Dirty Wars SomaliaFinally, the extended passage through a war-ravaged town in Somalia, crouching alongside militias and interviewing a warlord who gives very little away, seems to run into the sand.  I was left with the uncomfortable feeling that these sequences had been retained primarily for Mohamed Afrah Qanyare‘s assertion (about his paymasters) that ‘America knows war… They are the war masters.’  

And yet, of course,  America doesn’t know war: Bush and Cheney famously avoided Vietnam, most of the war managers view the results of their military and paramilitary violence on screens and spreadsheets, and most of the public turns the other way.  As Kamila Shamsie says in Burnt Shadows, the United States fights ‘more wars than anyone else; because you understand war least of all’ (see also my draft introduction to The everywhere war here; scroll down).

That’s precisely why investigative journalism and documentary films are so urgently necessary – and why we need these different forms – but I’m not sure that rendering Jeremy’s courageous and principled investigations in the black and white tones of a Hollywood thriller is the best way to bring ‘what is hidden in plain sight’ into public view.  (For a different take, that pays close attention to the visual codes in the film, see Mike Hill‘s very smart essay over at Feedback here).  I do know that films have to be different from books, that they have different grammars if you like, and I also understand that one of the most effective ways of soliciting an audience’s response is through story-telling – academic prose would be considerably less deadly if it had more narrative force – but in the end I’m with Roger Ebert:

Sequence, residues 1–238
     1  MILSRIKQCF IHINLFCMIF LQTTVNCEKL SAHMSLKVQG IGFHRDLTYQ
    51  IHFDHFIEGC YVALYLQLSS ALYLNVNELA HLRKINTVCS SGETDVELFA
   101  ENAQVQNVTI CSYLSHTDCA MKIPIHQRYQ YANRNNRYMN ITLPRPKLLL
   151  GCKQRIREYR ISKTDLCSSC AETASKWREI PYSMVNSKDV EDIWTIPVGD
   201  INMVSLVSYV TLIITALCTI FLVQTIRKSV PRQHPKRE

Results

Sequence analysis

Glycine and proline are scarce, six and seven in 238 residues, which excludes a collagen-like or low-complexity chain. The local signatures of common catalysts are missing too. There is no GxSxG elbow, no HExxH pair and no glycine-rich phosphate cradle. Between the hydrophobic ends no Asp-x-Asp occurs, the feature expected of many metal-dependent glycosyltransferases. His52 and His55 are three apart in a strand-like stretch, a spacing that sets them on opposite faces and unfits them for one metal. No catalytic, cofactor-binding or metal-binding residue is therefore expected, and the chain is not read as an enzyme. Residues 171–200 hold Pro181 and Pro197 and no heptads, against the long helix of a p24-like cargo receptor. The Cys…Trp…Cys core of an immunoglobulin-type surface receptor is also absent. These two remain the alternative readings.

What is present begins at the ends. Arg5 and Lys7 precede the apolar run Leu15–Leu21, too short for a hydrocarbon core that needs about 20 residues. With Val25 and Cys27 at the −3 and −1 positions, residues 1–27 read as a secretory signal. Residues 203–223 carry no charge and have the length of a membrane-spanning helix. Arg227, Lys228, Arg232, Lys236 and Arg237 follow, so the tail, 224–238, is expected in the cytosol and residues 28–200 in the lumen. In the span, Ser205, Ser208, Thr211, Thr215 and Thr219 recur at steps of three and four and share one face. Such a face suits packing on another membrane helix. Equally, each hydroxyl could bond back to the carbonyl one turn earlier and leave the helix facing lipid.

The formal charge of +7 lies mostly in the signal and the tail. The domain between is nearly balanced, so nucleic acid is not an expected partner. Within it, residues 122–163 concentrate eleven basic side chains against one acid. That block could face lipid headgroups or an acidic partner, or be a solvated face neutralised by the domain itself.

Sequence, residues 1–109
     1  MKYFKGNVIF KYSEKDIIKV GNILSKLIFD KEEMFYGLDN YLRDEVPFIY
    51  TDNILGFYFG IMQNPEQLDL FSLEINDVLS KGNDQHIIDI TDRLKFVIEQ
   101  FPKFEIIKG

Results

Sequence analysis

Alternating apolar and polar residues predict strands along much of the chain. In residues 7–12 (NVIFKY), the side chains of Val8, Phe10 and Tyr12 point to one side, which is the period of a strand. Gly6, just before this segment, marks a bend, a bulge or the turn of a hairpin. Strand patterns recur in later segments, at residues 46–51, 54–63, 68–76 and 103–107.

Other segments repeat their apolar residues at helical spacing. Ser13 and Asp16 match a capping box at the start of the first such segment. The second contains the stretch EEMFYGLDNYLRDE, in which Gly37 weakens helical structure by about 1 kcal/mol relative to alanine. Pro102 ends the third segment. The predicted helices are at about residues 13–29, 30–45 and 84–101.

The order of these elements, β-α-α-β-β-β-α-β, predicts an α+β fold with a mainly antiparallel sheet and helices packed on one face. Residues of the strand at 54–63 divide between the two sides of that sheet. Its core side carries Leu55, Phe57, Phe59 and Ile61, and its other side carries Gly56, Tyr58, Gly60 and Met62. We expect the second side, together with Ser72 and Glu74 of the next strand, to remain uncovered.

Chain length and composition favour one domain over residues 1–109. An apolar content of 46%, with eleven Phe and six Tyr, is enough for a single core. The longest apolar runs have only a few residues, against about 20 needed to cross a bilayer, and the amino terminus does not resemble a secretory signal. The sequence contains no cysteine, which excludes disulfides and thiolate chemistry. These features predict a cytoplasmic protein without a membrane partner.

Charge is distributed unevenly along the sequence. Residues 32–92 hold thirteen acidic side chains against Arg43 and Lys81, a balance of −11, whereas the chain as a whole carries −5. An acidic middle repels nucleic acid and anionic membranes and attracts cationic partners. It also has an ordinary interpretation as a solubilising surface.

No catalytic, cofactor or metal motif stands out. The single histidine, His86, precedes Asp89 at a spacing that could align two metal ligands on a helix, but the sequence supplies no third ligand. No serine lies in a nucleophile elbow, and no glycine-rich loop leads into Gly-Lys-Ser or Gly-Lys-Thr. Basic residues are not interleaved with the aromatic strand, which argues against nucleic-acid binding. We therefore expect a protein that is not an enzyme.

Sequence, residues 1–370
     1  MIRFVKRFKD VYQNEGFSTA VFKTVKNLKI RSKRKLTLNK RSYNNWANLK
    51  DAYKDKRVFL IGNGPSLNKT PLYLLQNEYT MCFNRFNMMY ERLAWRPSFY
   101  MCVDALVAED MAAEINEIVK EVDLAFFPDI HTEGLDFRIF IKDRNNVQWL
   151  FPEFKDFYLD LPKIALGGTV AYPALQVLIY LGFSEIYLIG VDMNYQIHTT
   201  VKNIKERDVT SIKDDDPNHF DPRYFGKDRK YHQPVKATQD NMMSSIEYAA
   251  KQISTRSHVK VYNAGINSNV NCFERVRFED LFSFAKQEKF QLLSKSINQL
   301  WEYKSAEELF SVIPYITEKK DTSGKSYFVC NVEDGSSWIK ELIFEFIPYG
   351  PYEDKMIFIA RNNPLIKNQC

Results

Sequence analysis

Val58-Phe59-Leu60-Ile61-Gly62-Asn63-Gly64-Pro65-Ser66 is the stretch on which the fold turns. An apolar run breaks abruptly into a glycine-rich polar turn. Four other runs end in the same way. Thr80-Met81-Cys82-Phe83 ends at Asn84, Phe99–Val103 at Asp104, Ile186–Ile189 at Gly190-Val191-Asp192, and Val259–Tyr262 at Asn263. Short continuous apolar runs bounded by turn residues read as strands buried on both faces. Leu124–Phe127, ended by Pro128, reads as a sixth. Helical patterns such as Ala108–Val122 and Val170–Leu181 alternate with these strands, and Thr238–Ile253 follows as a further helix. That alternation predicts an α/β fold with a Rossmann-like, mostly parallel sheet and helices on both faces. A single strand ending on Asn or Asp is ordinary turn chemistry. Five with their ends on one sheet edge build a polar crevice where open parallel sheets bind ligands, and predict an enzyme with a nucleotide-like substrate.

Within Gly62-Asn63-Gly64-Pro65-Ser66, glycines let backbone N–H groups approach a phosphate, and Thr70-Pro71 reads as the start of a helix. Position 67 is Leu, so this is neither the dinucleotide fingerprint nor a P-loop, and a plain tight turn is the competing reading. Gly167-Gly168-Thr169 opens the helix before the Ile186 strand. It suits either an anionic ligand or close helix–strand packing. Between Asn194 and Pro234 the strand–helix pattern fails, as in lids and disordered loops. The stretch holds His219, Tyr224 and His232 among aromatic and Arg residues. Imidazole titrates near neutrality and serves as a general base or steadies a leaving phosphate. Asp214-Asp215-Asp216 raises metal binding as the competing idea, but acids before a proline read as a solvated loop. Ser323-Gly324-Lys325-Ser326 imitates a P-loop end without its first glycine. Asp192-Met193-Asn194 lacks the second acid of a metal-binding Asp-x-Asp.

‘Scahill is so respected and convincing that he doesn’t need such propping up, so the flashy directing and editing makes it feel as though “Dirty Wars” is trying too hard to sell things that might have sold themselves just fine without the hot box approach.’ 

Other (non-film) critics have objected to the way in which the history of clandestine/covert war is foreshortened in Dirty Wars, so that the CIA is left in the shadows.  But that’s surely because in the wake of 9/11 the CIA was, in some crucial respects, pushed out of the limelight and a vastly aggrandised Joint Special Operations Command took centre stage to play for Cheney and Rumsfeld. And it’s the combination of a para-militarized CIA and JSOC that is instrumental in pushing the boundaries of the everywhere war.

socommap4_large

  • Red markers: U.S. Special Operations Forces deployment in 2013.
  • Blue markers: U.S. Special Operations Forces working with/training/advising/conducting operations with indigenous troops in the U.S. or a third country during 2013.
  • Purple markers: U.S. Special Operations Forces deployment in 2012.
  • Yellow markers: U.S. Special Operations Forces working with/training/advising/conducting operations with indigenous troops in the U.S. or a third country during 2012.

US Special Operations Deployments, 2012-2013

While I was writing this, a new report from Nick Turse popped on to my screen, charting the extraordinary global geography of JSOC (above) and its entanglements with other militaries and agencies like USAID.  JSOC has set up its own shadow system of subcommands mirroring the Pentagon’s division of the globe into unified combatant commands like US Central Command, each assigned to a different geographical region:

JSOC sub-commands

US Special Operations Command – Subcommands